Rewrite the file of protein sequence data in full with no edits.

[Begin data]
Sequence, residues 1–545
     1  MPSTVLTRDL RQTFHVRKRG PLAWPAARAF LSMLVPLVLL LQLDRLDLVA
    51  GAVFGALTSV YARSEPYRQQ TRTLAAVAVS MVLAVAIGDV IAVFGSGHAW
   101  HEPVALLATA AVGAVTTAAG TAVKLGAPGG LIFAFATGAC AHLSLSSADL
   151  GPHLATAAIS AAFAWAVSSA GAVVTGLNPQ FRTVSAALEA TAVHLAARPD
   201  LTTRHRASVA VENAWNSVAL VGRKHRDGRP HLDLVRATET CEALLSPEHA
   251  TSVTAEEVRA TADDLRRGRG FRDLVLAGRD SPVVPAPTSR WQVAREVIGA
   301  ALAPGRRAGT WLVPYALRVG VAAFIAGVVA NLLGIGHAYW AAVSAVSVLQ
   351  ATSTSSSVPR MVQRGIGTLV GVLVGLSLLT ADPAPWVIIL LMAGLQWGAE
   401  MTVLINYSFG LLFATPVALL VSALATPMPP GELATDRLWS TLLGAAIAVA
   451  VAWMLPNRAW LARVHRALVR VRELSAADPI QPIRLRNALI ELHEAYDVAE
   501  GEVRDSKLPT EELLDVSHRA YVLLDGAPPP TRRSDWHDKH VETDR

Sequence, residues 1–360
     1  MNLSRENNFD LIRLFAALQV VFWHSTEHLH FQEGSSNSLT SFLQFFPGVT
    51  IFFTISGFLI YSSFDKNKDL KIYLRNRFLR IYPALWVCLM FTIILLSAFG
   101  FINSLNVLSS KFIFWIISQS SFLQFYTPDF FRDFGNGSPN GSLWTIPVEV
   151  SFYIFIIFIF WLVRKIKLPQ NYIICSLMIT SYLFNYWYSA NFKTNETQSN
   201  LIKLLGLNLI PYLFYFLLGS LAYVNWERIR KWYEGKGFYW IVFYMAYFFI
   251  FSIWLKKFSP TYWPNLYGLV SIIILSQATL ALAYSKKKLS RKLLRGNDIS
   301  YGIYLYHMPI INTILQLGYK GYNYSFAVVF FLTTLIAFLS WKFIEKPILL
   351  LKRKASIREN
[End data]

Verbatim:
Sequence, residues 1–545
     1  MPSTVLTRDL RQTFHVRKRG PLAWPAARAF LSMLVPLVLL LQLDRLDLVA
    51  GAVFGALTSV YARSEPYRQQ TRTLAAVAVS MVLAVAIGDV IAVFGSGHAW
   101  HEPVALLATA AVGAVTTAAG TAVKLGAPGG LIFAFATGAC AHLSLSSADL
   151  GPHLATAAIS AAFAWAVSSA GAVVTGLNPQ FRTVSAALEA TAVHLAARPD
   201  LTTRHRASVA VENAWNSVAL VGRKHRDGRP HLDLVRATET CEALLSPEHA
   251  TSVTAEEVRA TADDLRRGRG FRDLVLAGRD SPVVPAPTSR WQVAREVIGA
   301  ALAPGRRAGT WLVPYALRVG VAAFIAGVVA NLLGIGHAYW AAVSAVSVLQ
   351  ATSTSSSVPR MVQRGIGTLV GVLVGLSLLT ADPAPWVIIL LMAGLQWGAE
   401  MTVLINYSFG LLFATPVALL VSALATPMPP GELATDRLWS TLLGAAIAVA
   451  VAWMLPNRAW LARVHRALVR VRELSAADPI QPIRLRNALI ELHEAYDVAE
   501  GEVRDSKLPT EELLDVSHRA YVLLDGAPPP TRRSDWHDKH VETDR

Sequence, residues 1–360
     1  MNLSRENNFD LIRLFAALQV VFWHSTEHLH FQEGSSNSLT SFLQFFPGVT
    51  IFFTISGFLI YSSFDKNKDL KIYLRNRFLR IYPALWVCLM FTIILLSAFG
   101  FINSLNVLSS KFIFWIISQS SFLQFYTPDF FRDFGNGSPN GSLWTIPVEV
   151  SFYIFIIFIF WLVRKIKLPQ NYIICSLMIT SYLFNYWYSA NFKTNETQSN
   201  LIKLLGLNLI PYLFYFLLGS LAYVNWERIR KWYEGKGFYW IVFYMAYFFI
   251  FSIWLKKFSP TYWPNLYGLV SIIILSQATL ALAYSKKKLS RKLLRGNDIS
   301  YGIYLYHMPI INTILQLGYK GYNYSFAVVF FLTTLIAFLS WKFIEKPILL
   351  LKRKASIREN